Toronto neighbourhood has had enough of break-ins they say are from respite centre
One of the myriad side effects of the health crisis that has been more tangible and harder to ignore for Toronto residents is the city's homelessness crisis, now rendered even more visible in the form of encampments in major parks in a number of neighbourhoods.
Pandemic closures have meant job loss and financial precarity for a large segment of the population, all while shelters work to enforce physical distancing and other health and safety measures that have cut capacities and pushed more of our growing number of homeless onto the streets, perhaps the only place they can safely self-isolate.
Pair this with an increasingly toxic drug supply due to border restrictions and a surge of opioid-related deaths, and it's apparent that things have escalated for the city's most vulnerable.
As a result, the city has been opening more temporary housing facilities, drop-in and respite centres, which has in turn led to some instances of NIMBYism in areas like Midtown Toronto and Liberty Village.
Residents of the former neighbourhood even marched in the streets to protest two new shelters that they said were causing an uptick of crime that included two stabbings — one of a City staffer and one of a tenant — firearm offences, an overdose death and a two-alarm fire.
And in the latter neighbourhood, residents are noticing a rise in break-ins among local businesses in recent days, which, like in Midtown, some are blaming on a local respite centre on Fraser Ave.
"Fat Bastard Burrito was another victim of a window smash and grab last night," a Facebook user posted in the Liberty Village Residents Association group on Thursday. "This literally makes every business on the block a victim of the new respite centre."
The centre they're referring to is St. Felix, which is not in fact new, but has been in the community for two years.
Fat Bastard Burrito confirmed to blogTO that they and neighbouring business, INJapan, have experienced break-ins in recent days, though they cannot speculate for sure whether it was a resident of the centre.
"We're aware of the assumptions," Enrique Cochegrus, St. Felix director of communications says.
"We understand concerns about incidents that are a possible consequence of [our] residents — it’s valid to raise concerns, but the way they're referring to people experiencing homelessness is not okay... if you changed the word 'homeless' to a person’s skin colour or cultural background, it would be hate speech without a doubt."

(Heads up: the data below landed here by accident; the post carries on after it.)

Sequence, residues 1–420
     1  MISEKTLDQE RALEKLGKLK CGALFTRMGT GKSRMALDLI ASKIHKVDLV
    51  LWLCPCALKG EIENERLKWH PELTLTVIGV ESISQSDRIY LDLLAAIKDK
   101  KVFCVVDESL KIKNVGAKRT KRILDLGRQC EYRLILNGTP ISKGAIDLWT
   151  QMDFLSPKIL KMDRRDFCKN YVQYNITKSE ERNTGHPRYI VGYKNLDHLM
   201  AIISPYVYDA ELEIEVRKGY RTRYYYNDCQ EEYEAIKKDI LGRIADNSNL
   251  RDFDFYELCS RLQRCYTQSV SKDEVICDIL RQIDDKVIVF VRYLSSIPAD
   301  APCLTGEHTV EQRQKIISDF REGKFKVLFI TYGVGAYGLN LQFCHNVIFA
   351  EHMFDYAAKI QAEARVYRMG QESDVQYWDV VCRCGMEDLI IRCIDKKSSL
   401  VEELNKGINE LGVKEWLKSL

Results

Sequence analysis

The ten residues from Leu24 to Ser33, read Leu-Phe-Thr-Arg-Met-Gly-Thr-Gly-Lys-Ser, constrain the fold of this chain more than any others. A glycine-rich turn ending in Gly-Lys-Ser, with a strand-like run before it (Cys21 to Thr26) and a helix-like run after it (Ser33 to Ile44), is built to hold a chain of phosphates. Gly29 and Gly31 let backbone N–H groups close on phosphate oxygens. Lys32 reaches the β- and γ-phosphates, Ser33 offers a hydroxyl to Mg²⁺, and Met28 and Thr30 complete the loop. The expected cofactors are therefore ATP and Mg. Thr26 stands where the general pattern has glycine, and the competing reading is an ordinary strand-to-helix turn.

The topic is a sensitive one, with Ontario courts just this week deciding that the City is allowed to evacuate park encampments if it so chooses, and various citizens and organizations passionate on both sides of the fence.
In the case of the recent Liberty Village incidents, there is the added tension of the fact that damage is being done to businesses that are already struggling right now, whoever the culprits of said damage may be.
"What a fun way to tell everyone how much you hate homeless people!," a user commented in the aforementioned Facebook thread.
"Nobody wants to see businesses broken into but that doesn't mean you get to point the blame at those seeking shelter in the respite centre or Lamport encampment. They are not the enemy — they are the ones in danger."
Others chimed in with their wishes for police to do more to secure the condo dense neighbourhood, making the divide among neighbours apparent.
But Cochegrus feels that instead of people pointing the finger at places like St. Felix and its residents, they should be looking for ways to support marginalized community members and work together towards a solution.
"What is sad and difficult is that many times people just want an immediate solution to their concerns without understanding that the situation is complex," he says.
"We have different ways for people to approach the organization, we have community engagement coordinators ready to respond to concerns, community safety teams monitoring the area... we do our best and are constantly taking actions to mitigate impacts on the community."
He also points out that the people complaining about the city's homeless are often only one or two major life events away from being in the same situation themselves.
"It could be anyone. People really should understand that no matter how well you’re doing in life at the moment, no one is completely protected from being one of them if something goes wrong," he says. "The real problem is poverty — it's not the people, the people are not the problem."
"If we go away as an organization, that's not going to take the problem away, it's going to make it worse. It should be a time for saying 'how can we support these organizations and these people?"
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